When is development immune from enforcement action? 

You may remember the case of the farmer who wrapped his house in straw bales. In 2001 Robert Fidler built a new house on greenbelt land in Surrey and hid it behind straw bales www.telegraph.co.uk.

In 2006 he removed the straw bales to reveal the house that he had constructed. He believed that the dwelling had become immune from planning control as four years had elapsed since he built it. Unfortunately, he failed to realise that the enforcement time limits only apply once the house has been substantially completed.

Since 2006 Mr Fidler has made a series of applications and appeals in an attempt to retain the “straw bale house”. Three applications for a lawful development certificate have been rejected by the Planning Inspectorate and at the start of the year Eric Pickles, the then Secretary of State for Communities and Local Government, branded the development as “inappropriate development in the green belt”.

So what are the time limits for taking enforcement action and why does Mr Fidler have to demolish his house?

The Planning and Compensation Act 1991 introduced time limits for taking enforcement action against breaches of planning control.

These time limits are:

  • Operational development – Development becomes immune from enforcement action four years after the operations are substantially completed. This would include the construction of a new farm building, the laying of a new access track and construction of a dwelling.
  • Change of Use of any building for use as a dwelling house – Enforcement action cannot be taken once the unauthorised change of use to a dwelling house has been occurring for four years.
  • Any other breach of planning control (most commonly unauthorised change of use or breach of condition) – This will apply to breaches of planning conditions such as Agricultural Occupancy Conditions, as well as change of use, such as the use of a farm building for storage or industrial. The breach of condition or change of use must have been occurring for a continuous 10 year period and be occurring at the time that the application is submitted.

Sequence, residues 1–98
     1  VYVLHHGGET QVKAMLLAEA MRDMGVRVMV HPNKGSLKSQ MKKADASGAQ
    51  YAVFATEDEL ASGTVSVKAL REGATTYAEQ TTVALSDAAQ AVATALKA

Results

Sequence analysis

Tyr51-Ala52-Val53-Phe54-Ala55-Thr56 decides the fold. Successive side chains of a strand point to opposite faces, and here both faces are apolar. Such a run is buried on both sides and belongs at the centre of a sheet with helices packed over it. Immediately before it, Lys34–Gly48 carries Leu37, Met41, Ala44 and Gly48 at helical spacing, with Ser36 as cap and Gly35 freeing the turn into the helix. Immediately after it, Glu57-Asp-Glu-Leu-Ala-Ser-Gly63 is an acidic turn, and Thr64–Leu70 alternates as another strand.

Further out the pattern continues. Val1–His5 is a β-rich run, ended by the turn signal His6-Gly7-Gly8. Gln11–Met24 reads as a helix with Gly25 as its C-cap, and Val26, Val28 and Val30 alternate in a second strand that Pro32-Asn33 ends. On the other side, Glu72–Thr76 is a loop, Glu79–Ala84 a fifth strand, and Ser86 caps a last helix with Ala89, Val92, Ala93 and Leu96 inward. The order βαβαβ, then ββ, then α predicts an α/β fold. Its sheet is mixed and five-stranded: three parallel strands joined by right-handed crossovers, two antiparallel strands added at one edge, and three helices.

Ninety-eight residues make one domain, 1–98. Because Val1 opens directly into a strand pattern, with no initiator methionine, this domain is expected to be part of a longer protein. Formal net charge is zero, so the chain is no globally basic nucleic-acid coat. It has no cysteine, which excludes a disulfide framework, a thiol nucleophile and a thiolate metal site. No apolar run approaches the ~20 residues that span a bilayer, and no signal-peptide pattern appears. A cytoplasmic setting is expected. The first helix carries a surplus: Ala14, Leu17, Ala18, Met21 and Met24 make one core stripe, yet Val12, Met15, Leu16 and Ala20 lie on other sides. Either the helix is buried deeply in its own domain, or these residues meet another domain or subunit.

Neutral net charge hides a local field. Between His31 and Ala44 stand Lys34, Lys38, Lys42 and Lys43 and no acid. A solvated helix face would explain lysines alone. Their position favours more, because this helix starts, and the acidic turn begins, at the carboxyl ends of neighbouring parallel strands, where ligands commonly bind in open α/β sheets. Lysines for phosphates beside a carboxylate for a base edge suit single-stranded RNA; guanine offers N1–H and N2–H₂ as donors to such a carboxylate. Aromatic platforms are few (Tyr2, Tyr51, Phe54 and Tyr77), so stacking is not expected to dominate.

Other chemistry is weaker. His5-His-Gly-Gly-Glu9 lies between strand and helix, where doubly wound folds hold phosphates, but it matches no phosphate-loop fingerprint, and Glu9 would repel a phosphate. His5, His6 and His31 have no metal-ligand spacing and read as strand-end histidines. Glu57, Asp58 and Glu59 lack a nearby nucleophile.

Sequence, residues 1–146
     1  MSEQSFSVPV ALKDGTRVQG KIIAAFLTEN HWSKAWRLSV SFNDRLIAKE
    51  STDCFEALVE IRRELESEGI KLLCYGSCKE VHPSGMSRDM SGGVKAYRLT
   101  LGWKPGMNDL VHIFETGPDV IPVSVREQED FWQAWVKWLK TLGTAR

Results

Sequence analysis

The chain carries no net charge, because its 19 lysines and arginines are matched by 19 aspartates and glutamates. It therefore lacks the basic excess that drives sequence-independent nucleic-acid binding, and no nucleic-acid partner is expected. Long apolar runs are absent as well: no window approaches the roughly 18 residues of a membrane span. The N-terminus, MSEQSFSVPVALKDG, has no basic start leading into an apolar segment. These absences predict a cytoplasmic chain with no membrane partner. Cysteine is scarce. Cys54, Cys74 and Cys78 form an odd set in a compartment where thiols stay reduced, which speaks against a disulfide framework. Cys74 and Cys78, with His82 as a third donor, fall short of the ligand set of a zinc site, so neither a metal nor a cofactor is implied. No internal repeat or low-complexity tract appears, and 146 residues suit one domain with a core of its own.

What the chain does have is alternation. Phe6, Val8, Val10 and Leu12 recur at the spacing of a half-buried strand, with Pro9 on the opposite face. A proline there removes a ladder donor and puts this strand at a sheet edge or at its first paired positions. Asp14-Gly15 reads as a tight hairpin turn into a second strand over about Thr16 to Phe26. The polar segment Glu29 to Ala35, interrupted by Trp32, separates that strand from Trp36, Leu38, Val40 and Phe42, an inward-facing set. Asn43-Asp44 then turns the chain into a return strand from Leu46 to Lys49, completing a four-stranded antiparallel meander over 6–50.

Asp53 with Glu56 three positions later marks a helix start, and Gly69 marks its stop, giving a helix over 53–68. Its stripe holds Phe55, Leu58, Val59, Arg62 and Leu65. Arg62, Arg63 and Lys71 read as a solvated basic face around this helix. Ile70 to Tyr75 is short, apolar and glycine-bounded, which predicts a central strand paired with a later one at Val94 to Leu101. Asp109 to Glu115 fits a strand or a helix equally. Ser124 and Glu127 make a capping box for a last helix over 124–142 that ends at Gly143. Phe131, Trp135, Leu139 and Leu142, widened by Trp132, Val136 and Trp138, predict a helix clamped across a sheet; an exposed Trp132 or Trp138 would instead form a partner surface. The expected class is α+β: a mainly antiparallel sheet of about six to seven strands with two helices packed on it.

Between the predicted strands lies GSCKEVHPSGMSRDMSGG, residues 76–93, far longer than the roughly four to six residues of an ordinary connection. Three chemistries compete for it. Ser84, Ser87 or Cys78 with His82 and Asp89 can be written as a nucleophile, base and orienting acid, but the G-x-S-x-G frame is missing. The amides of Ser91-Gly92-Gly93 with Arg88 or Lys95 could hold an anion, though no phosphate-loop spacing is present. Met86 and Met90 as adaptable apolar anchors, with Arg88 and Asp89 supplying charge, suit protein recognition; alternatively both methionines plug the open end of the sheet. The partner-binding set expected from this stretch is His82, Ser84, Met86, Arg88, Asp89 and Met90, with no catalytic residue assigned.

After the specified time limits the breach of planning control becomes immune from enforcement action. It also then becomes lawful and a Certificate of Lawful Existing Development / Use also referred to as a CLEUD may be obtained.

So why did Mr Fidler’s case fail?

Immunity from enforcement action in the case of new dwellings only occurs four years after the dwelling has been substantially completed. In Mr Fidler’s case it was considered that the action of removing the straw bales formed part of the overall “building operations”.  Therefore the building was not “substantially completed” until they were removed. The four years only started to run once the bales were removed.   Removing the bales drew attention to the house and the Local Planning Authority were quick to serve enforcement action.

So what can we learn from the Fidler case?

  • That establishing the start date of the breach can be confusing and failure to determine it correctly can be costly.
  • That thwarting the Local Planning Office is never a good idea!
  • And that getting expert advice from a Planning Consultant is key to a successful outcome.

Carver Knowles have many years of experience in regularising breaches of planning permission and can help you determine whether a breach of planning permission is now immune from enforcement action. So if you have been served enforcement action, have action pending or would just like advice on a breach of planning permission please contact Julie Branfield on 01684 853400.